Lord Mackie of Benshie

My Lords, there are a number of cases in which offenders—for example, drug dealers—against whom good evidence has been garnered by the police are prosecuted by a busy lawyer who, in many respects, is a junior. Inevitably, the drug dealer, with all his money, is defended by an eminent QC, such as abound in this House. Is that not grossly unfair? It has led to certain miscarriages of justice that I could mention.

Lord Goldsmith

My Lords, I certainly do not accept, if that is the tenor of the noble Lord's question, that cases are failing as a result of the inadequacies of those who prosecute them. I am sure that that is not the case. However, I accept that it is always important to keep it well in mind that the state—the prosecution service—has at its disposal the right resources to be able to protect the public, because that is what it is about. It should not be outgunned by those who have greater resources and are able to defend themselves in that way.

Baroness Gardner of Parkes

My Lords, is there any parallel with employment tribunals, on which I served as a member for many years? I am referring to the question from the Liberal Democrat Front Bench. It was splendid if someone represented themselves at a tribunal or had a friend represent them, and it was equally good if they had a fully qualified legal person representing them. Unfortunately, however, there arose a home-grown industry, equivalent to cut-price lawyers, who defended people who were under the impression that they were getting really experienced representation. Is this likely to happen in this respect? Is there likely to be a growth industry of semi-qualified people who lead people into believing that they are capable of representing them?

Lord Goldsmith

My Lords, I am horrified at the prospect of cut-price lawyers anywhere at all. However, I can assure the noble Baroness that the situation in the magistrates' courts, where the designated caseworkers operate, is not like that. These are people who are trained—sufficiently, adequately and fully—to do their job. At present, caseworkers do a list in the magistrates' court, but when it comes to something that they are not allowed to do, the case has to be adjourned or put into another court or a lawyer has to be brought in to deal with it when everyone in court, including the caseworker and the magistrate, knows that that person is perfectly able to deal with the case. That is why it is important to make this change.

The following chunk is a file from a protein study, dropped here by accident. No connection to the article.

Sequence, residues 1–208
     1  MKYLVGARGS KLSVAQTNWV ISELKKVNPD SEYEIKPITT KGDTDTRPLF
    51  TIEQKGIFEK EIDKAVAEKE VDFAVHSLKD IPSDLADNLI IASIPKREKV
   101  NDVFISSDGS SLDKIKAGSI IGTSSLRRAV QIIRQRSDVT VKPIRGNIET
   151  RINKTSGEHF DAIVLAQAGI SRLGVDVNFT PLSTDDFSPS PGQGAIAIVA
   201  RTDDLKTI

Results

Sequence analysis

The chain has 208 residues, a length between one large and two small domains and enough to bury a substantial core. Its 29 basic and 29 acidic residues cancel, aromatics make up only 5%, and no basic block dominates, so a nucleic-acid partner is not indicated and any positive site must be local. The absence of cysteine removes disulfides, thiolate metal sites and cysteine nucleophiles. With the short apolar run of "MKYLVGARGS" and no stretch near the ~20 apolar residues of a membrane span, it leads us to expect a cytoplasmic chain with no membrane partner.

Lord Ackner

My Lords, there was a time when cut-price lawyers were in fact being used. As a result, the imbalance between the very young who were prepared to accept the cut prices and defending counsel was so marked and the consequences for the administration of justice so bad that you had to review the fees of those whom the CPS retained. You did it, of course, by paying defence counsel less so that you could pay the prosecuting counsel the right fee.

Lord Goldsmith

My Lords, this Government—this party—made it a manifesto commitment that we would level the playing field and give the public the same access to lawyers by bringing prosecution fees up to those that the defence were paid. We did that, and we have equalised the situation. So the graduated fee scheme, which is at the heart of the legal aid system for many cases and which applied to defence counsel, has now been operated and is also in force for prosecuting counsel. So we equalised the fees not by cutting defence fees but by bringing prosecution fees up, and prosecution fees have increased as a result.

Lord Goodhart

My Lords, following on from that last question, is there any prospect of a resolution of the dispute over defence fees in very high cost criminal cases which has led to a number of senior members of the Bar withholding their services?

Lord Goldsmith

My Lords, as the noble Lord will know, these matters are very much within the jurisdiction of my noble and learned friend the Lord Chancellor. However, as he will also know, it was announced that a review of very high-cost cases is taking place, to be completed by the end of this month. I have no doubt that, once that review is complete and discussions have taken place, my noble and learned friend will announce what its consequences are.